Why Im renting a Christmas tree

Why Im renting a Christmas tree

Some people are choosing to rent their Christmas tree in an attempt to reduce waste and help the environment.

The rented trees are returned to a Christmas tree farm after the festive period where they are replanted.

Jean Pryce, who has rented a tree this year, said she had “always wanted to” and hoped it helped the environment.

The British Christmas Tree Growers Association said between eight to 10 million Christmas trees are sold each year.

Mrs Pryce, 67, said: “I’ve been excited about it since I ordered mine… and I want to rent the same tree next year.”

She added: “I think it’s well worth doing and I wanted to support a local business too.”

Melanie Broomhead started a rent a Christmas tree farm this year with her partner Chris Rodwell.

She said they had been “overwhelmed” with the response from the public and had sold out by December at Puddle Farm in Lostwithiel, Cornwall.

“Sustainability is at the forefront of everybody’s mind and people are keen to shop local,” she added.

“People get a real living tree with zero waste – it’s a carbon catching product and totally renewable.”

At the farm people will be able to rent the same tree next year.

“This year was an experiment for us and we have been overwhelmed with people’s support – it’s been a heart warming experience.”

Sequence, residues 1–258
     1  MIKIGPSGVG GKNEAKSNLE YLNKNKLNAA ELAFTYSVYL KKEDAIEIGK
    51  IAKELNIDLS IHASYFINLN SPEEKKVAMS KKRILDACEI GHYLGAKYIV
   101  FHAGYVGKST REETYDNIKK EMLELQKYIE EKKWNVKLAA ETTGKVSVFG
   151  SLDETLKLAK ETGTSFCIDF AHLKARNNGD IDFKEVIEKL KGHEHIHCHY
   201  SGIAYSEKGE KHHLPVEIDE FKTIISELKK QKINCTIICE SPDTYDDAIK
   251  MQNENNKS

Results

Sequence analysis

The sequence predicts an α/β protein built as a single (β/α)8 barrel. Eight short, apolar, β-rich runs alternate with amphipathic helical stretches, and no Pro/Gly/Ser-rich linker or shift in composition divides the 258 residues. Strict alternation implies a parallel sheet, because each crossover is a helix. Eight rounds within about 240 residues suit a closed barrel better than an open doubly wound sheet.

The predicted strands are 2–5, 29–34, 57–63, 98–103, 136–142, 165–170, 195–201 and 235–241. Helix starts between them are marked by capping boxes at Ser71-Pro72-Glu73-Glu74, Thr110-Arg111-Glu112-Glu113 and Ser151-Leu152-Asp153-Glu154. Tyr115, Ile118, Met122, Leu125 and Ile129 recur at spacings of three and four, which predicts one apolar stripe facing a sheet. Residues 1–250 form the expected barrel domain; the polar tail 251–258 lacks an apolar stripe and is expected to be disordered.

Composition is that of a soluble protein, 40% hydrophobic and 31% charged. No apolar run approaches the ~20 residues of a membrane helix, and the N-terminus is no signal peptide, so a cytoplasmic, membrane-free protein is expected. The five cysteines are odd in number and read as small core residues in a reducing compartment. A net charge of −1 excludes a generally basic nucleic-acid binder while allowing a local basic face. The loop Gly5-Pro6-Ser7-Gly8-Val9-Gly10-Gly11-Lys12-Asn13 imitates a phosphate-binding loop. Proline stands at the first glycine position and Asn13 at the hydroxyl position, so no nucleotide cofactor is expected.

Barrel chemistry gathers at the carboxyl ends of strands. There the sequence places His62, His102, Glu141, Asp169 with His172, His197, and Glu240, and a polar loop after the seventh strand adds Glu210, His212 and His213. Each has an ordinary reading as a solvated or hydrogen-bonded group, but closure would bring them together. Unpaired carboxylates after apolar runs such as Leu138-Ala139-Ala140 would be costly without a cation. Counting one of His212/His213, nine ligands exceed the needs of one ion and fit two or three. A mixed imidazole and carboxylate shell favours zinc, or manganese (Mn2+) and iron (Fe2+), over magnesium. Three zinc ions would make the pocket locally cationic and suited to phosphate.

Owners of another Christmas tree farm in Cornwall said their “rent a tree” scheme was a more sustainable way to celebrate the festive season.

Jane and Paul Westlake started their farm in 2019 after becoming frustrated at “the waste” caused by throwing away Christmas trees.

Mrs Westlake said: “We were aware so many trees get cut down for Christmas then just left to possibly be recycled or dumped and this is putting something back.”

She added: “Why not give a it [a tree] a second life, a third year, fourth year.”

Mrs Westlake said they get really positive responses, with some people coming to see the trees as part of the family.

“Some people I think have actually named their tree and it is great when people ask can we have that specific tree back again.”

Since last year, their Christmas tree farm in St Austell, Cornwall, has “tripled in size”, growing from 40 trees to 120, with 300 families on the waiting list for 2021.

Customers receive guidance from the farmers about how to keep their tree healthy while inside, including not having it in the house for longer than three weeks to prevent it drying out.

Leave a Reply